The concept of “openness,” as described by CED in Harnessing Openness to Transform American Health Care, goes beyond what we traditionally think of as transparency. Of course, transparency is critical for helping markets freely flow. But CED uses openness as an M.O. for transforming markets. Think: open source computing, where information or intellectual property is generated at some origin, and then others build on that initial idea (that’s the open-source Linux mascot, Tux the Penguin, pictured on the right). Thus, openness spawns innovation, which is CED’s mission to promote.
“If information can be modified, repurposed, and redistributed freely it is more responsive, and therefore more ‘open,'” CED explains. “The Council has found that an increased degree of openness often leads to greater innovation because it allows contributions to a work from more individuals whose differing insights and experiences can add considerable value,” the report reasons.
However, CED recognizes that openness has its limits and constraints, such as with personally identifiable health information which must be kept secure and confidential, or with intellectual property such as patents for medical discoveries which merit protection for the life of the patent.
CED found that it takes between 13 to 17 years for 14% of research findings to get into the hands of practicing physicians. The Council argues that by introducing openness into the information chain in health care, evidence-based practices and innovative products can disseminate more quickly into the general medical community. This would result, ultimately, in improved individual patient outcomes and overall enhanced public health.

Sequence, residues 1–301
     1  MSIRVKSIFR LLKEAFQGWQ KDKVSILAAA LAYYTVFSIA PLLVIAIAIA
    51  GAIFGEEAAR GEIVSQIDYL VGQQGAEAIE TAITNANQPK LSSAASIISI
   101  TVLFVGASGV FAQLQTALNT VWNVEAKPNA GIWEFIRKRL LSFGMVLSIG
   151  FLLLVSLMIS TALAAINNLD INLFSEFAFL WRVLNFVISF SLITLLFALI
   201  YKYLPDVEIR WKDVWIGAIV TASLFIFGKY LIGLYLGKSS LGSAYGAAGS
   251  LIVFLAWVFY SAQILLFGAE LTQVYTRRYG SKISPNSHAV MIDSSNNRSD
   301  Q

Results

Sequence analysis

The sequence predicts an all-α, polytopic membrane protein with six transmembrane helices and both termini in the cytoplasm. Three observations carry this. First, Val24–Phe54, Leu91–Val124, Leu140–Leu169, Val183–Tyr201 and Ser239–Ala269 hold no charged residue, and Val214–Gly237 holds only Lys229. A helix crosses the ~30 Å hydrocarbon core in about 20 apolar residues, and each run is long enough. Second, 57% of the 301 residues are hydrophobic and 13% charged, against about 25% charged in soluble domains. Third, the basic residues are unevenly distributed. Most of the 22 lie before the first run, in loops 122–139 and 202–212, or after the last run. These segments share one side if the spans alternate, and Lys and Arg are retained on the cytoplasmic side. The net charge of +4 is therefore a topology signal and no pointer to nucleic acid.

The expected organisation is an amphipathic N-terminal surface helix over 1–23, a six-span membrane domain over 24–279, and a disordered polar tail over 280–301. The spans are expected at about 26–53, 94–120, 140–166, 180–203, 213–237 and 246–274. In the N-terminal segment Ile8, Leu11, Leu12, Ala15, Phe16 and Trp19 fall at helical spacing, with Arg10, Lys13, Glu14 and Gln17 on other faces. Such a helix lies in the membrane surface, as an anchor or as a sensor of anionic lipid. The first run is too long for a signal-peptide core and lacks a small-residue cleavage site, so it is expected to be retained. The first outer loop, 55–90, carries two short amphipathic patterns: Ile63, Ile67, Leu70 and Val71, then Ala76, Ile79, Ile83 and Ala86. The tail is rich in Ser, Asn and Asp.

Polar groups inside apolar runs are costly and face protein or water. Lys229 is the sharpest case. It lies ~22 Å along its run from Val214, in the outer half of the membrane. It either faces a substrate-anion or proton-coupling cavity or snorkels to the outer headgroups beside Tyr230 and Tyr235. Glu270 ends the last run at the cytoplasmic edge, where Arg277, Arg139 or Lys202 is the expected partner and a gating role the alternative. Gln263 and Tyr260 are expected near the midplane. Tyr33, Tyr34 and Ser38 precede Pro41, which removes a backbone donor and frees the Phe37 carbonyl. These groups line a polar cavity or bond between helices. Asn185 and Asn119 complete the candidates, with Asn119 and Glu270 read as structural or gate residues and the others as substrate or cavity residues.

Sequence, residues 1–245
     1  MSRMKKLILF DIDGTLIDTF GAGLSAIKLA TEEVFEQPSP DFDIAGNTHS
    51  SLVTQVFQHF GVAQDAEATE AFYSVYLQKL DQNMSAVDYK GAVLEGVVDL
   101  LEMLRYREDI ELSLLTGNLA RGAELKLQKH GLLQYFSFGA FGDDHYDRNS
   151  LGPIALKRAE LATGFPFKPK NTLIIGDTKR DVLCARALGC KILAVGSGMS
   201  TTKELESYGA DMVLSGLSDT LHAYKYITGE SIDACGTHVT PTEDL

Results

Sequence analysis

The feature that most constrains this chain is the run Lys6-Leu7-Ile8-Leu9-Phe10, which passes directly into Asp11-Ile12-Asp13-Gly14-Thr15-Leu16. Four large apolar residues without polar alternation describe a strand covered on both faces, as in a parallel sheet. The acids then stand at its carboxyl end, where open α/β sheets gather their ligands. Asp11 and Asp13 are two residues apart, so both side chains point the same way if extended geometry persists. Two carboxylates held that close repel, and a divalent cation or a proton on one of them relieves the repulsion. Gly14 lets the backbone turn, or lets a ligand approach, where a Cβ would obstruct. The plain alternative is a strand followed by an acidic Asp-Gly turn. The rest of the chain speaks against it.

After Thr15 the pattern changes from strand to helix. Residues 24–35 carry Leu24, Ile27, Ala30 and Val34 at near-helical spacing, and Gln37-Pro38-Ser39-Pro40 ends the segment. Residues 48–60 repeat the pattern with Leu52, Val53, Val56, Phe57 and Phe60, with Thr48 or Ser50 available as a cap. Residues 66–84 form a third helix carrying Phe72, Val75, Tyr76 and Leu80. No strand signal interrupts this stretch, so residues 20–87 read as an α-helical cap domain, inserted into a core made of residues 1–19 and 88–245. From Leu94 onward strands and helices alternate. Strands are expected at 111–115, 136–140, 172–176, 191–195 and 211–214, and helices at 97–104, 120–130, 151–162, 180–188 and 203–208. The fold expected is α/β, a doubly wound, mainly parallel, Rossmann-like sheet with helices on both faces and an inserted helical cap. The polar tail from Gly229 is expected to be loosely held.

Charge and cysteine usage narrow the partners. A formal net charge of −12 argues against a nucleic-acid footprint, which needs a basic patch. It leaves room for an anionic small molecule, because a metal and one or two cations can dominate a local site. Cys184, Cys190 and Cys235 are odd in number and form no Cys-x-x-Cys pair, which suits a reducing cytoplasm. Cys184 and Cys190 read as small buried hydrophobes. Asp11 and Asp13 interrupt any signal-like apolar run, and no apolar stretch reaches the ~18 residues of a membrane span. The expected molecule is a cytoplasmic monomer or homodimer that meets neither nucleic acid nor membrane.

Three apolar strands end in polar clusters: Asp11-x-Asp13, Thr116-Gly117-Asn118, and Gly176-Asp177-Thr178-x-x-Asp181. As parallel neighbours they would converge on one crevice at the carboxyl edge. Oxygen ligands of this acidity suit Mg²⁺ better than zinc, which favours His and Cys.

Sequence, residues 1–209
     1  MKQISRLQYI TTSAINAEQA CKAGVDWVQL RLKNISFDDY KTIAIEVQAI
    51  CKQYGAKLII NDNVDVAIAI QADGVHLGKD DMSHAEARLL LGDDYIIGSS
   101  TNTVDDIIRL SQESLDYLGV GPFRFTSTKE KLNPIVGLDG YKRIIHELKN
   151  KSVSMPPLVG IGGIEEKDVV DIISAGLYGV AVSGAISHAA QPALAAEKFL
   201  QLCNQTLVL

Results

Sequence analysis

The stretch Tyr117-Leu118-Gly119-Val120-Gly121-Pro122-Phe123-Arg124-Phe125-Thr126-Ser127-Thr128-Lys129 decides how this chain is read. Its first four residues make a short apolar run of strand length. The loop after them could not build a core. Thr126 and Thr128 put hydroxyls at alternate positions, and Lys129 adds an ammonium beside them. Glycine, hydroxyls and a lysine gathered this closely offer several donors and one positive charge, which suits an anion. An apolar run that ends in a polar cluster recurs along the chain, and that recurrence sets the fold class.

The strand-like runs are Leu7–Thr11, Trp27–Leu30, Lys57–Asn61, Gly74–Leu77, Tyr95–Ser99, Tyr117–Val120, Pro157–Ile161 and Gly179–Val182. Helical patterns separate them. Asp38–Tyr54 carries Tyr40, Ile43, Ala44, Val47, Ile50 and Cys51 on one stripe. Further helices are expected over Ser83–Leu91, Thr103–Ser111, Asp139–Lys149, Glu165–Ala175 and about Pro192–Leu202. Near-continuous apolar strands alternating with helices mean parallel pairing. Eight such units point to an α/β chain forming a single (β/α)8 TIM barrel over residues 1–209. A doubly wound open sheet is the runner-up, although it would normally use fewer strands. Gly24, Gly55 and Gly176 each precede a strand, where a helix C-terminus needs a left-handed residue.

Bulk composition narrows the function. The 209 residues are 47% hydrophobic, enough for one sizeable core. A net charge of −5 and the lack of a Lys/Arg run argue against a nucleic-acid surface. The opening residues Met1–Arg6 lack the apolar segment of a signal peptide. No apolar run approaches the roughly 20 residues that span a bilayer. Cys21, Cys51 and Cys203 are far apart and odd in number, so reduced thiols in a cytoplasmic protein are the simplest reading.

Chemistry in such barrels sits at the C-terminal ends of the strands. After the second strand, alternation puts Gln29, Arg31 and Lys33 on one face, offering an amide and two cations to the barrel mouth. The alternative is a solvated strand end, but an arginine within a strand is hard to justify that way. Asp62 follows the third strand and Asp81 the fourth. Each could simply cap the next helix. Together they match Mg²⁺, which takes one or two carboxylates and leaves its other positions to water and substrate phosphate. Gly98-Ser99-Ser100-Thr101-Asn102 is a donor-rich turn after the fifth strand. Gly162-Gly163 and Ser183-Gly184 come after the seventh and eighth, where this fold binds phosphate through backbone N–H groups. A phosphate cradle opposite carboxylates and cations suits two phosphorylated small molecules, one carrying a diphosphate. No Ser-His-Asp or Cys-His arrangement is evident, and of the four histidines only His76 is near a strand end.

The report analyzes openness through various health segments, including biomedical research, clinical trials, electronic health records, privacy and security, consumer health information, public health, and medical devices.
The CED has been examining the role of openness in a variety of industries, and highlighted the benefits of openness in a previous report, “Open Standards, Open Source, and Open Innovation.”
Beyond these two, I would hasten to add a third constraint on for-profit companies whose lifeblood is innovation: that is, the life and value of the patent. Not everyone has Linux DNA running through their blood.
Furthermore, the CED’s proposal for openness would not, in and of itself, transform health care without a realignment of incentives across stakeholders: for example, consider providers, such as primary care vs. specialty care, or outpatient vs. inpatient vs. home care providers. Openness will go only so far when one provider’s payments are at stake.
And it’s costs, after all, that need transforming in the health system. Over the very long run — decades, perhaps? — evidence-based practices might proliferate throughout the U.S. health system which would, eventually, help to stem cost inflation. But without structural change within the system, costs would continue to rise. See Bob Laszewski’s post at the Health Care Policy and Marketplace Review of October 16, 2007. In it, Bob — a brilliant Washington insider who critically appraises health politics with the best of the best — talks about CED’s proposal for health reform published last year in “Quality, Affordable Care for All.” While the CED is all about “openness,” they remain closed to the idea of explicitly addressing health cost containment.